Streaming Egypt: Netflix & the Transnational Flow of Egyptian Media
Hazem Fahmy / University of Texas at Austin


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A poster for Zawya’s 2018 Youssef Chahine Retrospective.

In the late summer of 2018, Cairo’s premiere arthouse cinema, Zawya, announced that it would screen twenty of the late Youssef Chahine’s films throughout that September. Zawya had screened Chahine’s films before, for example in 2014, but this retrospective would distinguish itself by screening the recently restored versions of these films as part of a project that had been spearheaded by Misr International Films––a film production and distribution company that was founded by Chahine himself­­––in collaboration with several European partners.

To my misfortune, I had already left the country to begin my graduate studies in the States when the announcement had been made, so I could not catch any of the Zawya screenings. This was bitterly disappointing as I had only seen low-quality versions of Chahine’s films, mostly on YouTube, and I was terribly excited by the prospect of seeing them restored on a big screen with an audience. Every now and then, I would check in on the tours of the restoration project throughout Europe and the Middle East, wondering when, if ever, the films would make their way across North American screens. Astonishingly, the freshly restored work of this Cannes-favorite Egyptian auteur first became available to me in the States neither through a cinematheque nor a festival, but rather through Netflix’s June 2020 slate.[ ((“Youssef Chahine’s Films Are Coming to Netflix this Month.” Scene Arabia. June 05, 2020. https://www.dazeddigital.com/music/article/48794/1/100-gecs-laura-les-dylan-brady-minecraft-charli-xcx.))]

For anyone who had been following Netflix’s steady acquisition of Egyptian and Arab media content over the last two years, the announcement of Chahine’s arrival onto the platform seemed ostensibly perplexing yet ultimately inevitable. This process started in April of 2018 with the announcement that Grand Hotel,[ ((Renamed Secret of the Nile on Netflix.. ))] the 2016 Egyptian remake of the 2011 Spanish series of the same name, was to be the first Egyptian series on Netflix. This prompted several positive responses from anglophone Egyptian outlets, many of which argued that the inclusion of Egyptian media, especially a series that had been as locally lauded as Grand Hotel, on the global platform that Netflix had become, was a tangible benefit for the Egyptian media industry.[ ((“’Grand Hotel’ Just Became The First Egyptian Series On Netflix.” Nile FM. April 12, 2018. https://nilefm.com/entertainment/article/1235/egyptian-series-the-grand-hotel-featured-on-streaming-service-netflix.))]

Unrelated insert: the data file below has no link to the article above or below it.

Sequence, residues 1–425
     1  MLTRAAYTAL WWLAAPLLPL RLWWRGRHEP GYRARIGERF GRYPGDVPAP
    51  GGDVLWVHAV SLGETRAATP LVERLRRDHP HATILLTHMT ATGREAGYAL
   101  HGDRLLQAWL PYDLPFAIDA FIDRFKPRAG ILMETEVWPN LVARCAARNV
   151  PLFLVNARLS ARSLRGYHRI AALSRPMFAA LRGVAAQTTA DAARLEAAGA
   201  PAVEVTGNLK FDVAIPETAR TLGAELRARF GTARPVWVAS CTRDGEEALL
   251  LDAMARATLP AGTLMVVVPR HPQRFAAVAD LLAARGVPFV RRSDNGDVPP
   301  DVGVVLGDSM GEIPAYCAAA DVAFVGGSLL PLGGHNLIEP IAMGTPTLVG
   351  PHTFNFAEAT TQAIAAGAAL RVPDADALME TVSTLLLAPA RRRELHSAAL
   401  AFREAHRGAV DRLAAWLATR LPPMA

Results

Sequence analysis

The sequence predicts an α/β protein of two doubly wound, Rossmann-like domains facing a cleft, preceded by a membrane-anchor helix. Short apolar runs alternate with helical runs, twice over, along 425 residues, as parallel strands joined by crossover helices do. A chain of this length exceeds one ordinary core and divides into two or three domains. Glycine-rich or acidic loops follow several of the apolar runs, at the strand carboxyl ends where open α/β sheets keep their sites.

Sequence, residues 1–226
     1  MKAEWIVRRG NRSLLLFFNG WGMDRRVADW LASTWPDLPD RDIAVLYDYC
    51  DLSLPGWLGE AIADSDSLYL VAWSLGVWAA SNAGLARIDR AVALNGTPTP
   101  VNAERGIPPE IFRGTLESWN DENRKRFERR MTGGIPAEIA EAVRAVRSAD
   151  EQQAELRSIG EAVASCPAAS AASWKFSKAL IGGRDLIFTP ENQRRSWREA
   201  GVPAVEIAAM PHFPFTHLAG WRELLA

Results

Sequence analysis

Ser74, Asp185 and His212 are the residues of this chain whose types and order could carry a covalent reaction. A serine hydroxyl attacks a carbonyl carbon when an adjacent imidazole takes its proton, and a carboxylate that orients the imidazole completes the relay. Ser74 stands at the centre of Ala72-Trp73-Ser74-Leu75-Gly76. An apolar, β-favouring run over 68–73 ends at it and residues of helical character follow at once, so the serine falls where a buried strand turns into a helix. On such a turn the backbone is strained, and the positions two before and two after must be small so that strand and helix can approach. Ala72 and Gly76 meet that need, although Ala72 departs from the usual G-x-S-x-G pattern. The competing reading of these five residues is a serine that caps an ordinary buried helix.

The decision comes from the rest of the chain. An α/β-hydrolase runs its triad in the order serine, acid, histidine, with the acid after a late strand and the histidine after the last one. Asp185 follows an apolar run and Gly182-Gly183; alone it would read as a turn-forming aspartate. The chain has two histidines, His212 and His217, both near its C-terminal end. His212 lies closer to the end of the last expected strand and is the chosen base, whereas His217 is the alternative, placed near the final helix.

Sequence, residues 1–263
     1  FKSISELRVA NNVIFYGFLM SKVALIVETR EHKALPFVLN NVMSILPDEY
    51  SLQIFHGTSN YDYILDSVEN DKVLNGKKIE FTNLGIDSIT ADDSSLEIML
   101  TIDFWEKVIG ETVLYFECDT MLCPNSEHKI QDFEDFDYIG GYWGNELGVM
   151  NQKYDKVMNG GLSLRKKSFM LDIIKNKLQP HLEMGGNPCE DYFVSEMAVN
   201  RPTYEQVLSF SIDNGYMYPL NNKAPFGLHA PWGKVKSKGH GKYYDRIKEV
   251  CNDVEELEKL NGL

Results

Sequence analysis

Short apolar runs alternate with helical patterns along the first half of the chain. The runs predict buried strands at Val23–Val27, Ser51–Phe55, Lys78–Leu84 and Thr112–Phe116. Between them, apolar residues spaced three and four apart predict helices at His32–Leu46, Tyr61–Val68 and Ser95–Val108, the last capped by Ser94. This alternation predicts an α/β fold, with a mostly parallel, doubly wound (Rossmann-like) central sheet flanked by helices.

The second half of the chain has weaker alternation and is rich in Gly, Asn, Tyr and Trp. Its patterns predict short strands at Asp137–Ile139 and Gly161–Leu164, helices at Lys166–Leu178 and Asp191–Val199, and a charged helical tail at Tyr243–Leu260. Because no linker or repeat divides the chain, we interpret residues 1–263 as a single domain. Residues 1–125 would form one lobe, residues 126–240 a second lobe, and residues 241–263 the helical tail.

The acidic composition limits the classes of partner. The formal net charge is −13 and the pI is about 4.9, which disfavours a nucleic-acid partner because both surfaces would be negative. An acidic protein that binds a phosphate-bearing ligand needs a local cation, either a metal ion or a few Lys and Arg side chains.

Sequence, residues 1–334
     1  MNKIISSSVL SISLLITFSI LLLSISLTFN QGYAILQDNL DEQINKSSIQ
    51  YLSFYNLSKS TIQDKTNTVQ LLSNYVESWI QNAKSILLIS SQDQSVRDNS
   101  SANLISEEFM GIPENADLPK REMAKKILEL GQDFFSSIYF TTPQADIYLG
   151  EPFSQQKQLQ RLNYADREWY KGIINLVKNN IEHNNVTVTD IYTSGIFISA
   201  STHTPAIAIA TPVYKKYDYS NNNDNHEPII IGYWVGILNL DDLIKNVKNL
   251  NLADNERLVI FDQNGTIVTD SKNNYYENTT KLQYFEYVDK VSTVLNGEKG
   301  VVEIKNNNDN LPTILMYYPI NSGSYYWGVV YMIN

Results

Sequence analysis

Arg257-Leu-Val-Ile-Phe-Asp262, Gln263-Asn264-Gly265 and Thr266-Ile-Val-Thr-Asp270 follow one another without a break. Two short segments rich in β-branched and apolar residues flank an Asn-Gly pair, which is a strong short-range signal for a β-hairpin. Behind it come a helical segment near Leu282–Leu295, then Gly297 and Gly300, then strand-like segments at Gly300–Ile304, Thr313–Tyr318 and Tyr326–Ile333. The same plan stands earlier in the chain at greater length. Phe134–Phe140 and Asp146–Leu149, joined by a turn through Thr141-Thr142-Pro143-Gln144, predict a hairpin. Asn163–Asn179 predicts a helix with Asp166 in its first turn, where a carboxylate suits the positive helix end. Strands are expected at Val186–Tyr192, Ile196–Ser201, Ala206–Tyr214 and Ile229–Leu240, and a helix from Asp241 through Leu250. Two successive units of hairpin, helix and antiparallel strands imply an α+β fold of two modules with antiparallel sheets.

Over the coming months, Netflix would continue to add Egyptian films and television series to the platform. Though they encompassed a wide variety of genres, the criteria otherwise seemed fairly consistent for most of the succeeding two years: mainstream, popular works that were overwhelmingly produced in the 2010s. There were, of course, exceptions here and there––one of the most notable being Abu Bakr Shawky’s 2018 festival favorite Yommedine––but the vast majority of added titles, particularly the television series, adhered to the production value, initial local success[ ((The contemporary Egyptian films on Netflix, while generally popular and commercially lucrative, have generally received far less critical acclaim than the series, which is hardly surprising given how popular Egyptian television has fared significantly better than cinema with critics over the last decade.))], and star power of Grand Hotel.

Netflix’s approach to acquiring Egyptian media did not significantly change until April of this year, when it was announced that the company was to bring the previously televised recordings of several iconic Egyptian comedy plays[ (( “Our Favorite Classic Egyptian Plays Are Coming to Netflix Just in Time for Eid.” Scene Arabia. April 30, 2020. https://scenearabia.com/Culture/Our-Favourite-Classic-Egyptian-Plays-Are-Coming-to-Netflix-Just-In-Time-for-Eid?M=True#:~:text=This%20May%2C%20Netflix%20MENA%20is,the%20true%20dynamic%20duo%20that.))] to the platform. Though the selected plays, particularly The School of Mischief (Mustafa, 1973) and No Longer Kids (Asfory, 1979), are easily some of the most recognizable works in mainstream Egyptian media, this was a sharp departure from Netflix’s previous pattern of prioritizing works from the 2010s. Prior to the acquisition of the plays, there were maybe a handful of films from the 2000s, but following their arrival the platform now had several highly notable Egyptian works from the 1970s and 80s. A little over a month later, it was announced that a wide selection of Chahine’s films, stretching from his earlier films produced within the Egyptian studio system to his later financially independent and aesthetically transgressive work, would also be available on the platform. Similarly to the arrival of Grand Hotel, the debut of Chahine’s films was swiftly celebrated across online Egyptian and Arab publications, many of which took the opportunity to reflect on his life and work, as well as reiterate his significance to the history of Egyptian cinema.[ (([1] “Films by Egypt’s famed director Youssef Chahine released on Netflix.” Ahram Online. June 18, 2020. http://english.ahram.org.eg/NewsContent/5/32/372419/Arts–Culture/Film/Films-by-Egypts-famed-director-Youssef-Chahine-rel.aspx.))]


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A still of Shahid VIP’s dashboard interface.

Though the Egyptian titles now available barely scratch the
surface of the country’s film, television and/or media landscapes, they do present
a strikingly eclectic sample size that is unparalleled in any shape or form on
any other American streaming service. As early as it is to tell which direction
the company will go in next in terms of its focus on Egypt and/or the Arab
world, there is no doubt that Netflix’s recent intensive acquisition of diverse
classical Egyptian content presents a significant shift from its aforementioned
narrow focus on popular, mainstream film and television from the 2010s.